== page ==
Mother’s Day honors the hardest workers

BY ELLIE S. GROSSMAN

In honor of Mother’s Day, I dedicate this week’s column to all mothers who have accepted their job of raising children without really knowing what they were getting into. Even if we knew ahead of time that motherhood meant giving up a good night’s sleep for years to come, chances are we still wouldn’t think twice about it.

All moms are working moms. In fact, we define multi-tasking — just look at a typical day planner crammed with school functions, room mom meetings, activities, sports, doctor appointments, birthday parties, grocery lists, baby sitter phone numbers and plenty of scratch-outs that signify anything can change at any given moment. We don’t get paid, but the experience makes us rich. We never retire, but the vacation time makes it all worthwhile.

I’m lucky — better than that — I’m blessed because I benefit from the companionship of my mom everyday, either on the phone or in person. She always listens to my parenting gripes and offers advice, whether I ask for it or not. One of her favorite lines — “You wanted to have kids … no one ever said it would be easy” — might sound unsympathetic, but it’s so true. In fact, the Hebrew phrase, tzar gidul banim, refers to the inevitable pain of raising children. The pain goes both ways. Parents suffer, children suffer, and hopefully, the hardships we suffer together make us stronger.

One thing I discovered so far as a mom is to find humor whenever possible. The other thing I learned is that if I don’t make lists of things to do, I forget to do them. So for the fun of it, here’s my first attempt at a “not-to-do” list.

Things I Will Never Do As a Jewish Mom

1. Pluck pinfeathers from a kosher chicken, even if the soup tastes better.

2. Make my children clean all their food on their plates, unless they’re loading them into the dishwasher.

3. Eat another frozen latke at a public menorah lighting ceremony.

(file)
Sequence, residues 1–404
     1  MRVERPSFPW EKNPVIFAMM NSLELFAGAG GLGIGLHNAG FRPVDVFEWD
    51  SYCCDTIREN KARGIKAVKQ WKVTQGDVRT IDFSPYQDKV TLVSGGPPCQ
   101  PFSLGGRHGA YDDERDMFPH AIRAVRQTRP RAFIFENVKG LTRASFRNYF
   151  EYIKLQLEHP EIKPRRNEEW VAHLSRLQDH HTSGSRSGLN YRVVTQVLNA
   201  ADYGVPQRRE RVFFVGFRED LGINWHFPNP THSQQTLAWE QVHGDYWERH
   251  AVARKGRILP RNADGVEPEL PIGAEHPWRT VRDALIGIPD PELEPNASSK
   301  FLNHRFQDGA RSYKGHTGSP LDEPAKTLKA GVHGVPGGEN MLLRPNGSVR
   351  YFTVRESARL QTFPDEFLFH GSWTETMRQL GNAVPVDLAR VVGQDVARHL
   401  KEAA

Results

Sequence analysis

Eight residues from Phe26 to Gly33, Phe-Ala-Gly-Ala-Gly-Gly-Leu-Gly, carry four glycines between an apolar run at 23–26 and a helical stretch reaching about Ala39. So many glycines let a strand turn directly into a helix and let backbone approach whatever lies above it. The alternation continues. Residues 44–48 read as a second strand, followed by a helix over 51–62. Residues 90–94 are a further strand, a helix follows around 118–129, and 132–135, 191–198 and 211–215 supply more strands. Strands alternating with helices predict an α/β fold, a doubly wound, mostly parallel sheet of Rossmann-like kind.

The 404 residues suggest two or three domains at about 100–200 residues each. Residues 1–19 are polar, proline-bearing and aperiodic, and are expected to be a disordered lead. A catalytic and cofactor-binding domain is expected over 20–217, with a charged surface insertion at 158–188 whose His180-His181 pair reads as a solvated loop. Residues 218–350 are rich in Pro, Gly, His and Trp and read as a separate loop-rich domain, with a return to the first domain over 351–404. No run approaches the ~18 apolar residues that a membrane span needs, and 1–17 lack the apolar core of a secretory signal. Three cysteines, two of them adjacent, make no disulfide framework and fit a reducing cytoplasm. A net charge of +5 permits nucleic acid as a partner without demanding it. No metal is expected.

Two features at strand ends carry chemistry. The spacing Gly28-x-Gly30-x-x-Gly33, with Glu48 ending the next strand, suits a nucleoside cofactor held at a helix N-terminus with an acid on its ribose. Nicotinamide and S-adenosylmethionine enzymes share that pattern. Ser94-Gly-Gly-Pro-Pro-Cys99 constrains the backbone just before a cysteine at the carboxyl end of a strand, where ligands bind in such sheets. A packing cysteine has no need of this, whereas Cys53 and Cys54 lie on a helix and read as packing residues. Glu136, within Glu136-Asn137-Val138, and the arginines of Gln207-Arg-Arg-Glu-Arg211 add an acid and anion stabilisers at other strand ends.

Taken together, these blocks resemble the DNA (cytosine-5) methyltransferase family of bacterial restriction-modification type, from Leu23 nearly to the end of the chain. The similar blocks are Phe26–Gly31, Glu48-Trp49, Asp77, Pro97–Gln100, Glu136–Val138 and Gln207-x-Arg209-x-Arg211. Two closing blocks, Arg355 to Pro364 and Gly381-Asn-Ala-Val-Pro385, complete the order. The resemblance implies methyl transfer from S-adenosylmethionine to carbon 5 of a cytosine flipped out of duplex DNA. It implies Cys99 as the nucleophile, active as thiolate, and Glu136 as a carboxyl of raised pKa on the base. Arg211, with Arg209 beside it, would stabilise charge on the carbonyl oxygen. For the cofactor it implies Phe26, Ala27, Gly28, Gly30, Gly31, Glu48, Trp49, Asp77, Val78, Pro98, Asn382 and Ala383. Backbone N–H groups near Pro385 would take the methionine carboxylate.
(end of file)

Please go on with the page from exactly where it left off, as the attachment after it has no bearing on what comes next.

4. Go through the day without doing one mitzvah, even if it means taking Luci for a walk when no one else wants to.

5. Make Christmas seem like more fun than Hanukkah.

6. Serve a corned beef sandwich on white bread with mayonnaise.

7. Wear a winter holiday sweater that has anything red, green or a reindeer on it.

8. Shelter my children from the Holocaust when they are ready to learn about it.

9. Throw away my collection of handkerchief challah covers, clay menorahs and bottle cap candlestick holders that my kids made in preschool.

10. Say no to my mom when she invites us to her house for brunch.

11. Stay mad at my kids for too long, at least until the next battle erupts.

12. Remain dry-eyed when I read a Mother’s Day card made with colored markers and construction paper.

Enjoy your Mother’s Day, whether you make it special for yourself or someone else.

“The Mishegas of Motherhood” is the creation of Ellie S. Grossman, a St. Louis freelance writer and stay-at-home-mom who never stays home. Her stories are inspired by the real life of her family, including her two children, toy poodle named Luci, and her husband, but not necessarily in that order. Feel free to send any comments, prayers or recipes to [email protected]

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